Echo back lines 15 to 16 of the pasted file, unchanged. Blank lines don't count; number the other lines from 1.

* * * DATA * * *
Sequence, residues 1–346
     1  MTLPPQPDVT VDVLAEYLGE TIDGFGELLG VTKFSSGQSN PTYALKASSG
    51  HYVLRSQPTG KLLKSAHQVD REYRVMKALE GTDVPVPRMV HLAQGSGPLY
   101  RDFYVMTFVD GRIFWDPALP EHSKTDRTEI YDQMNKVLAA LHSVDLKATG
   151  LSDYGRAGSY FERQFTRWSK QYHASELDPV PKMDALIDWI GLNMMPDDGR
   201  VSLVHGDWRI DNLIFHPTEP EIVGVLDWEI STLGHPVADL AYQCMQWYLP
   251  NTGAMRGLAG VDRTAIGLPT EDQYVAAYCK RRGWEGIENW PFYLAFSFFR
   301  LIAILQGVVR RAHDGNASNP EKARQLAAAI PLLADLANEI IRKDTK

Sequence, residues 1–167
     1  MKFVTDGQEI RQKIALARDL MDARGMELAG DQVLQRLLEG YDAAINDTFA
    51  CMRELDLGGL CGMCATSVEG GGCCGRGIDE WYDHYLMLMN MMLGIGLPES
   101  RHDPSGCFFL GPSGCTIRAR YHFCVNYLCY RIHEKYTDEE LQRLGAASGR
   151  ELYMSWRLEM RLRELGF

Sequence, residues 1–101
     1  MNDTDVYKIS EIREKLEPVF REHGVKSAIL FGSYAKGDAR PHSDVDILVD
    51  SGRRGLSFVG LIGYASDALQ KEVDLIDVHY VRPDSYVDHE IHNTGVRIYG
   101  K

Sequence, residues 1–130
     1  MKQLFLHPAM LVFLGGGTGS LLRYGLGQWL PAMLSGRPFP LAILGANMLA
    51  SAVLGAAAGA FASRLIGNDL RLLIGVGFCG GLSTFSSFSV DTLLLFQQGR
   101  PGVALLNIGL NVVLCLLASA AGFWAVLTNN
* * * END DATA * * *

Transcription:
     1  MNDTDVYKIS EIREKLEPVF REHGVKSAIL FGSYAKGDAR PHSDVDILVD
    51  SGRRGLSFVG LIGYASDALQ KEVDLIDVHY VRPDSYVDHE IHNTGVRIYG